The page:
This observation generalises to the Frobenius theorem, saying that the necessary and sufficient conditions for a distribution (i.e. an np dimensional subbundle of the tangent bundle of a manifold) to be tangent to the leaves of a foliation, is that the set of vector fields tangent to the distribution are closed under Lie bracket. One can also phrase this differently, as a question of reduction of the structure group of the tangent bundle from GL(n) to a reducible subgroup.

The conditions in the Frobenius theorem appear as integrability conditions; and the assertion is that if those are fulfilled the reduction can take place because local transition functions with the required block structure exist. For example, in the codimension 1 case, we can define the tangent bundle of the foliation as ker(α), for some (non-canonical) α ∈ Ω1 (i.e. a non-zero co-vector field). A given α is integrable iff α = 0 everywhere.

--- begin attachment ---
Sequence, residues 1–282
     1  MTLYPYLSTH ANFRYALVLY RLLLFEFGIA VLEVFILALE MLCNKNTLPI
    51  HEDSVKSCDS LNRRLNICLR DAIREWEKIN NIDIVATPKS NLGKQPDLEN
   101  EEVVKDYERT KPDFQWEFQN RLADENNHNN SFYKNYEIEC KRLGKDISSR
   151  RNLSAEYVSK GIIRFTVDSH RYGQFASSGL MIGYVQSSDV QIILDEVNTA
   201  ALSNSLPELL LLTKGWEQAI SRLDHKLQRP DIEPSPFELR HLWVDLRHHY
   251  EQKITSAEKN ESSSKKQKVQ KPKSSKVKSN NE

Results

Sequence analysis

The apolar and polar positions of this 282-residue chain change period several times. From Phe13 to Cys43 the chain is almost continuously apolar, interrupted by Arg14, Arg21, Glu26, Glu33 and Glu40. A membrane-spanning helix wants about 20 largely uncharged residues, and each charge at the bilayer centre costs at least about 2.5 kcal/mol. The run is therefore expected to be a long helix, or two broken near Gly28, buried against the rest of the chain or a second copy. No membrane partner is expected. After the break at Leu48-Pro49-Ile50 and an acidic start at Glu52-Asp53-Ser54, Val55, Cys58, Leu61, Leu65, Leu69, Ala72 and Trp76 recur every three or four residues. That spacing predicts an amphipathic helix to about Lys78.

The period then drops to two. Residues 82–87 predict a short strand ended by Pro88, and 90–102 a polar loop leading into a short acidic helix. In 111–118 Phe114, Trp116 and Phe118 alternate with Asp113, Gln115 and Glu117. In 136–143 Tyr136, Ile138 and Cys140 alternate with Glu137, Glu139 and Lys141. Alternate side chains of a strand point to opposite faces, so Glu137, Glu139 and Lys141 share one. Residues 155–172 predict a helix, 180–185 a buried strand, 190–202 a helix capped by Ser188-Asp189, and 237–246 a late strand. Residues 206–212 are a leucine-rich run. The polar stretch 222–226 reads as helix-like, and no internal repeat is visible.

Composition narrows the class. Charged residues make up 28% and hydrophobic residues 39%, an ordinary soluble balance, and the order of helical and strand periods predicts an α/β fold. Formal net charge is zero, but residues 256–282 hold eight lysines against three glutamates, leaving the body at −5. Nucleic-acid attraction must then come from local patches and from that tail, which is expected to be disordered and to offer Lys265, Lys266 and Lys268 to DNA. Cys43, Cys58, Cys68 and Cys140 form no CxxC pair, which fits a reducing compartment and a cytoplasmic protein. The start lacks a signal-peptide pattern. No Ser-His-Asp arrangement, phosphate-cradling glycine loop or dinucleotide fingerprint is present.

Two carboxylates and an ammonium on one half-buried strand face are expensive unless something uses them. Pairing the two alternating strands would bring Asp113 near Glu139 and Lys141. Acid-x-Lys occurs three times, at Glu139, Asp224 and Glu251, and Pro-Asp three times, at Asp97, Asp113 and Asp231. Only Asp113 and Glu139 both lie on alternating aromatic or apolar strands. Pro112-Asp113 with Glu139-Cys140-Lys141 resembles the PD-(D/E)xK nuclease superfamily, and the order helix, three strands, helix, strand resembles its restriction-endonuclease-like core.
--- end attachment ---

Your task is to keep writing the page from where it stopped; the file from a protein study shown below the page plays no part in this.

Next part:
There is a global foliation theory, because topological constraints exist. For example, in the surface case, an everywhere non-zero vector field can exist on an orientable compact surface only for the torus. This is a consequence of the Poincaré–Hopf index theorem, which shows the Euler characteristic will have to be 0. There are many deep connections with contact topology, which is the "opposite" concept.

Existence of foliations

Haefliger (1970) gave a necessary and sufficient condition for a distribution on a connected non-compact manifold to be homotopic to an integrable distribution. Thurston (1974, 1976) showed that any compact manifold with a distribution has a foliation of the same dimension.

See also


  1. Durfee: Foliations of Odd-Dimensional Spheres. Annals of Mathematics, Second Series, Vol. 96, No. 2 (Sep., 1972), pp. 407-411.